Pimco co-founder and co-Chief Investment Officer Bill Gross thinks bonds are still a good bet.
In his most recent letter to investors, Gross was optimistic about treasuries, writing: ”The U.S. economy is not sinking, nor are the majority of global economies. Their markets just had too much risk. In effect, the ship was top-heavy with too little ballast. Guess I should have known, huh?”
Pimco’s fund has been subject to volatility in bond markets recently and pummeled in value while interest rates have ticked up. Gross, though, thinks the bond markets overshot on speculation of quantitative easing. With treasury rates reaching a nearly two-year high of 2.65 percent, he thinks they will settle to the 2.2 percent area, something that would recoup a lot of value for his fund.
When the Fed threatens to cut off quantitative easing, the markets come running to treasuries and bonds to hedge themselves from their own leverage — but, really, they’ve run for cover too soon, he said. With first-quarter GDP growth being revised lower and other economic barriers still looming, Federal Reserve Chairman Ben Bernanke might be forced to keep easing a bit longer.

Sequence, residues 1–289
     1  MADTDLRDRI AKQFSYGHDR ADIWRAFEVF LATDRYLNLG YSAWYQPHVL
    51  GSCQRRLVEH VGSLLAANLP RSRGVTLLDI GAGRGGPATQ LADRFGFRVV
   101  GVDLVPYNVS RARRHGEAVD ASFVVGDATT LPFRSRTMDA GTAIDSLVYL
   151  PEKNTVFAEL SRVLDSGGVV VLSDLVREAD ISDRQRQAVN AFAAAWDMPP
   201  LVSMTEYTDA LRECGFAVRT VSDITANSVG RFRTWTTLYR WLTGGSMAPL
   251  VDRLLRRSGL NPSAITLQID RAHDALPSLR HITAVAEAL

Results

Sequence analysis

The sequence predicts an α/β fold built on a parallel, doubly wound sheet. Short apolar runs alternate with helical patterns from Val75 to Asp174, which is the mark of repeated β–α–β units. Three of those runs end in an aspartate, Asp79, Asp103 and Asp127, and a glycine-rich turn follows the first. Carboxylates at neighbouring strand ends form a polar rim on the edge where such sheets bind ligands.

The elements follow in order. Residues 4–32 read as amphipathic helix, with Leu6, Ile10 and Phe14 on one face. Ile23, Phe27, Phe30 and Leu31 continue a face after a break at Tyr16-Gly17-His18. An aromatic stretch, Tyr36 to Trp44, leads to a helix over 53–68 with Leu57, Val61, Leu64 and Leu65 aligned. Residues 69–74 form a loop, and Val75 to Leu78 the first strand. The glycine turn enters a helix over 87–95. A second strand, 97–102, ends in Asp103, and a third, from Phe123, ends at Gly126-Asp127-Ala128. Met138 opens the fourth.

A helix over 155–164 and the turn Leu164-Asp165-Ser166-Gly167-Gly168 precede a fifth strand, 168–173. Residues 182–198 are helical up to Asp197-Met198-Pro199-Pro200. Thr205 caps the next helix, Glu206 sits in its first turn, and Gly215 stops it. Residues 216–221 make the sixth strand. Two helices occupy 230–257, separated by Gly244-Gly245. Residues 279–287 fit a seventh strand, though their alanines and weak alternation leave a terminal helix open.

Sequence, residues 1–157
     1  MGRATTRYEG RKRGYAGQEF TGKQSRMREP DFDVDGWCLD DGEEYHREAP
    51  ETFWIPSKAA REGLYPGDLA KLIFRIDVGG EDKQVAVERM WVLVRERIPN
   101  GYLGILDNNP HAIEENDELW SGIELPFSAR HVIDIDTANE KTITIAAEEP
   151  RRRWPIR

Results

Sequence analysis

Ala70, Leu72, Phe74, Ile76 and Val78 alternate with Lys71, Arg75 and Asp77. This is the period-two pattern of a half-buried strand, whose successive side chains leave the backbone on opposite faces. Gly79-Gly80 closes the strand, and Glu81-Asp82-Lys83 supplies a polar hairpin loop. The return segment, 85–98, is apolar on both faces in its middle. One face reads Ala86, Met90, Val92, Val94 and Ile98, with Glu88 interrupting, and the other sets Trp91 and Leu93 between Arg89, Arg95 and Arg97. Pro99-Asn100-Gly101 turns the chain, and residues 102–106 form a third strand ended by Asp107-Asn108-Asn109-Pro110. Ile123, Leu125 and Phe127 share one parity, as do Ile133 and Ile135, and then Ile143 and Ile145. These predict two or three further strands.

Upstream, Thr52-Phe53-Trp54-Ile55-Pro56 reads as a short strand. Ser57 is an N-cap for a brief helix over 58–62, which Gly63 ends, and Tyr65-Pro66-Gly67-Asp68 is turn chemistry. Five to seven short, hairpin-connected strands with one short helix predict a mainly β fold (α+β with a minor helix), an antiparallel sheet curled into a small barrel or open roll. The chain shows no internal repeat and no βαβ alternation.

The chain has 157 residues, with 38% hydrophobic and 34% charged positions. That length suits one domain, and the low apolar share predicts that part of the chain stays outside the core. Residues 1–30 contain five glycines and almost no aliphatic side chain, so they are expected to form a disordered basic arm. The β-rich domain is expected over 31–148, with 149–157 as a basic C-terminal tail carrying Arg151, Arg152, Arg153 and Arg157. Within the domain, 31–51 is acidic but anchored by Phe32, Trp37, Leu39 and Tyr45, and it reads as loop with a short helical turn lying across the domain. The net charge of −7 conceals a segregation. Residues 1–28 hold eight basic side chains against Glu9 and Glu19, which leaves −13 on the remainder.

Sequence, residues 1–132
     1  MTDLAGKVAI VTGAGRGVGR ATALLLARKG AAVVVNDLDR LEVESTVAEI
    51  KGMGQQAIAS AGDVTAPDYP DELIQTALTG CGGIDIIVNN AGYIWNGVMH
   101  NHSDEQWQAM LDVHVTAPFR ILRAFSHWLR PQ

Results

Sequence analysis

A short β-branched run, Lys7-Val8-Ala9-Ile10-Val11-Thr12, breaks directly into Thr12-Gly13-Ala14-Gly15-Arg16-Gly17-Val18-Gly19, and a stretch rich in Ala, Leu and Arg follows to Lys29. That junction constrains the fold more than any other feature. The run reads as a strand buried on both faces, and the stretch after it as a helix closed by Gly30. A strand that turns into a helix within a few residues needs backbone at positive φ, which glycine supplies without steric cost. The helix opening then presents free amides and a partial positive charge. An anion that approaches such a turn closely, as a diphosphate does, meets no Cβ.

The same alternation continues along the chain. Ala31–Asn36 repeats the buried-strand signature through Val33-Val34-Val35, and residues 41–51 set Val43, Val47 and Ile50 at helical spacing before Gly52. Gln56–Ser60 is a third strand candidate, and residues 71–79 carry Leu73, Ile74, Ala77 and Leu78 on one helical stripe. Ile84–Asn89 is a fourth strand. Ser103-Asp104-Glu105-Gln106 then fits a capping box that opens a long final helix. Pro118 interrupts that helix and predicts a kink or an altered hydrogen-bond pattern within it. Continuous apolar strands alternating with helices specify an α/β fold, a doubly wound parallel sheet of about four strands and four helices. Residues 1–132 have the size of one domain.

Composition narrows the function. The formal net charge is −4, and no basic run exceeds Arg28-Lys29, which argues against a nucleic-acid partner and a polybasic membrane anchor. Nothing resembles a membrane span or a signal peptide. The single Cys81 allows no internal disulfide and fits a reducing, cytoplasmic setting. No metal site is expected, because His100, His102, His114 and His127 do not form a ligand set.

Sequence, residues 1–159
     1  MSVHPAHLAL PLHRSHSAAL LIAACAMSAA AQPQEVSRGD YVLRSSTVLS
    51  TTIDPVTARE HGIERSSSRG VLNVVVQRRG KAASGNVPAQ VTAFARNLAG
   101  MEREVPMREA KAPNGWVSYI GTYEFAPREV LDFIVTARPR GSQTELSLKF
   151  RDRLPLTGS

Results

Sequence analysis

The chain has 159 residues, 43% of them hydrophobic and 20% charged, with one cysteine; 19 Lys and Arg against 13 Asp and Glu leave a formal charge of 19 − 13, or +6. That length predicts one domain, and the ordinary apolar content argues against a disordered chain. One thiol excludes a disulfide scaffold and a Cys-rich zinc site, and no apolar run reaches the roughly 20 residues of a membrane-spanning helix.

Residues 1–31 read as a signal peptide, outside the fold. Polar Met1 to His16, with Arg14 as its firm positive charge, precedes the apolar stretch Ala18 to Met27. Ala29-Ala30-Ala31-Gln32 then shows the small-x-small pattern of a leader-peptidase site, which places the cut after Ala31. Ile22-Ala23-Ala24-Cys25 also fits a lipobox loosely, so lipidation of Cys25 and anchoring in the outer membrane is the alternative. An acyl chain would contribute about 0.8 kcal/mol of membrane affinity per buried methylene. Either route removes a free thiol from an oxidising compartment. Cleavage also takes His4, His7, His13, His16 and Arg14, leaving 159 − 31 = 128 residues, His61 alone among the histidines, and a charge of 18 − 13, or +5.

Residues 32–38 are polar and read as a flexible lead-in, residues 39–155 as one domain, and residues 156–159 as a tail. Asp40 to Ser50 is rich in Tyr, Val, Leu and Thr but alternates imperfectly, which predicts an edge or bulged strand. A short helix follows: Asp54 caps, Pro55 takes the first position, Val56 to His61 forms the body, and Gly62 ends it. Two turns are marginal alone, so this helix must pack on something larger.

Gross highlighted rising interest rates as further incentive for the Fed to remain active in the economy. Inflation is around 1 percent and unemployment remains 1 percent above the target, he points out, and both metrics could encourage the Fed to keep purchasing assets.
The Pimco chief not alone in his assessment. Noted bond investors Jeffrey Gundlach and Dan Fuss both told CNN Money they don’t think rising interest rates are something to panic about. The pair noted the entire economy has been built on low interest rates, and suggest the Fed recognizes this as well.
While Fuss feels interest rates will not rise sharply, he does believe they will continue to trend upwards, though on a “well-controlled basis.” For this reason, he is avoiding investing further into bonds, while Gundlach thinks that bonds offer reasonable value compared to other assets.